Roar like a Lion, then Baa like a SheepSubmitted by Foundation Private Wealth Management on March 5th, 2018
For all the hype that this past Federal Budget received, it seems like we have escaped the jaws of a lion and can sleep easy enough for the foreseeable future, counting the sheep! To put this in context, the main element of the proposed budget that many of our clients were concerned about, ourselves included given that we are a Canadian Controlled Private Corporation that generates income at the small business rate, were the measures aimed at small businesses.
Over the summer of 2017, Bill Morneau, the Finance Minister, proposed a series of sweeping changes to the way small businesses, and businesses in general, are taxed. The goal was to even the playing field from a tax perspective between small business and individuals, while not considering the risk and volatility that small business owners face on a day-to-day basis. In the discussion paper that was proposed while most of the country was busy enjoying the few summer days we had in 2017, a new convoluted and overcomplicated series of proposals were laid to make things “fair”.
Over the ensuing months, small business rose up and MP’s on all sides of the fence questioned the new fairness measures in a way that I have not seen with any proposal of this sort in my working career. At the same time, many things came to light of how Bill Morneau, the architect of these fairness measures, structured his personal and corporate affairs. Most of the strategies he employs would not be accessible to the vast majority of small business owners in Canada, as they simply are just not as wealthy as Mr. Morneau. I am sure that this took a bit of a bite out of his proposals!
To that end we ended up with a proposed budget that “bah’ed like a sheep”, compared to the roar of the summer, and did not do much to egregiously attack Canadian small business owners. The net result is a slight change to how the small business limit will be assed based on the amount of passive income a corporation generates. The Small Business Rate (SBR) under the proposed budget will work as follows:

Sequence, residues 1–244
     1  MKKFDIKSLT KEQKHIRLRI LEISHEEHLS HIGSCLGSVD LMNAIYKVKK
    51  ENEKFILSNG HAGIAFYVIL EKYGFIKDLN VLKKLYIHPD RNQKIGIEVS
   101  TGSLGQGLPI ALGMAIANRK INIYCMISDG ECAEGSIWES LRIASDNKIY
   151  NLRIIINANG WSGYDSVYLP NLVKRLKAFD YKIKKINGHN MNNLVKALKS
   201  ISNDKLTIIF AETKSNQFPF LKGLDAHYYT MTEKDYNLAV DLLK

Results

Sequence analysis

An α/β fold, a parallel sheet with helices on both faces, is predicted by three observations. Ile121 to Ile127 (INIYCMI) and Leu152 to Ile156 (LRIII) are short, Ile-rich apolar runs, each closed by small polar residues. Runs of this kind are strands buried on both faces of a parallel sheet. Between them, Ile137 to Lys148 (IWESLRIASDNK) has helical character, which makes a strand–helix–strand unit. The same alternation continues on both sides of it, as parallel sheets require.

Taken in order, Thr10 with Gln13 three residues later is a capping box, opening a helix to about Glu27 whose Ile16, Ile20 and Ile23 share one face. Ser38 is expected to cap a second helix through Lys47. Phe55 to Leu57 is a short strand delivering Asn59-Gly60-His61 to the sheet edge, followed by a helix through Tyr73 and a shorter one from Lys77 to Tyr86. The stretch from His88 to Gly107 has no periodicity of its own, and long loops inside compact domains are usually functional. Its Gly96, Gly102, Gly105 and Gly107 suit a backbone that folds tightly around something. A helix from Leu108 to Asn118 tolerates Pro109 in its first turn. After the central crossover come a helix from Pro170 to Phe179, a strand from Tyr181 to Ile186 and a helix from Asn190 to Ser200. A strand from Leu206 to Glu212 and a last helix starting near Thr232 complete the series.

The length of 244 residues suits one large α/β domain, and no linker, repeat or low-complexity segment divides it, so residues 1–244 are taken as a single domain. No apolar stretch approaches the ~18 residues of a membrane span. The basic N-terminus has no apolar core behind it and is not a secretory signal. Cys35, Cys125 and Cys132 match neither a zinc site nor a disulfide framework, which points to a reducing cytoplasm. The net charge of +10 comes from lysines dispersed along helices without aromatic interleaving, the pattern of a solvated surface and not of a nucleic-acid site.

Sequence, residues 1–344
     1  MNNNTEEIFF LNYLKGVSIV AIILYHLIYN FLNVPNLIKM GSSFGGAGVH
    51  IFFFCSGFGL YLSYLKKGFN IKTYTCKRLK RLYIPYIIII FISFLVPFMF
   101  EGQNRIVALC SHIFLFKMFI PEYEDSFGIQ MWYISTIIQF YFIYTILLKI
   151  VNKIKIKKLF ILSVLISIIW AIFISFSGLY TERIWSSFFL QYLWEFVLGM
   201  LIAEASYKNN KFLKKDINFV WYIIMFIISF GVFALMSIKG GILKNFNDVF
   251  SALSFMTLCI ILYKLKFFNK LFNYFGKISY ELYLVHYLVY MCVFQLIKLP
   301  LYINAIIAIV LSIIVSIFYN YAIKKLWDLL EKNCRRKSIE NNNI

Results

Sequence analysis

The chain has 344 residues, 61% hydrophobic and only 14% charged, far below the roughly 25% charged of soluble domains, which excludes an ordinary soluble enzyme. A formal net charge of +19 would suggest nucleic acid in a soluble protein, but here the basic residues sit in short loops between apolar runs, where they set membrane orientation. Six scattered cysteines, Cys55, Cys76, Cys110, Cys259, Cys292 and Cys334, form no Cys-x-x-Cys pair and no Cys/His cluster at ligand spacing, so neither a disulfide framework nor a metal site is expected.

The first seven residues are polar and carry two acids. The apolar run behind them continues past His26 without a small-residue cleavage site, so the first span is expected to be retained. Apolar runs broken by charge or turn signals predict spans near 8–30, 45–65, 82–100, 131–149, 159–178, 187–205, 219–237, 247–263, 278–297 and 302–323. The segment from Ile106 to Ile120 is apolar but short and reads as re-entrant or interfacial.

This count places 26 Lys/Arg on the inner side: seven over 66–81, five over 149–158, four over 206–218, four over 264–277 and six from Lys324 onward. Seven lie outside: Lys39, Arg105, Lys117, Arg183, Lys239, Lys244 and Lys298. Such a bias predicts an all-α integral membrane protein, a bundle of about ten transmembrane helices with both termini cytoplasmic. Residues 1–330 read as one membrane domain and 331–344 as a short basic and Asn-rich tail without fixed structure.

- For passive non-business-related income above $50,000 the SBR of $500,000 maximum will be adjusted:
- For every dollar above $50,000 of passive income the SBR will be reduced by $5
- If a corporation generated $150,000 of passive income, then the SBR would be reduced to 0 and the corporation would pay tax at the general rate
- As an example, if a corporation generated $75,000 of passive income the SBR would be reduced to a maximum$375,000 and everything above this would be taxed at the general rate
- The sale of real estate that is used for operating the business will not be factored into the passive income calculation thus not reducing the limit of the SBR
- There will also be a change to the way Refundable Dividend Tax on Hand (RDTOH) is calculated, whereby a larger, private corporation will not be able to flow though passive investment income, in the form of a eligible dividend, and then claim the dividend tax refund
- Also, there were no changes to the to passive investments inside a holding company, which is great news.
All in all, from a planning perspective, this budget will not change the way we manage client assets on a go forward basis. It will however strengthen the strategies we have employed, and will continue to use, to minimize the tax that our clients pay. This is an important element to investment management we do not take lightly.
With respect to individuals, there was not much in the budget outside of the following key items:
- Qualifying family members can continue to be plan holders of an RDSP adults, this was set to expire in 2018 but will continue until 2023
- Expanded medical expense credits for animals specially trained to perform tasks for patients that have a severe mental impairment
- Deductibility of employee contributions to the enhance portion of the Quebec Pension Plan, this will begin 2019 and be fully phased in b 2025
- The Government proposes to extend eligibility for the mineral exploration tax credit for an additional year, to flow-through share agreements entered into on or before March 31, 2019.
Under the proposed budget, trusts will be required to provide additional information annually and will impose an obligation to file a T3 return where one does not currently exist. The new requirements will apply to returns filed for the 2021 and subsequent taxation years.
Outside of this no major spending plans were announced although several targeted measures were included for various groups.
As a final thought, looking at this budget from a fiscal responsibility standpoint, it does nothing to rein in the current deficit situation or consider potential geopolitical issues that we as a country may be facing in the months and years to come. In a sense this budget leaves no dry powder in the barrel if things turn sour, and we believe that some might be required in the near future, so it will be interesting to see how the current government deals with any bumps in the road.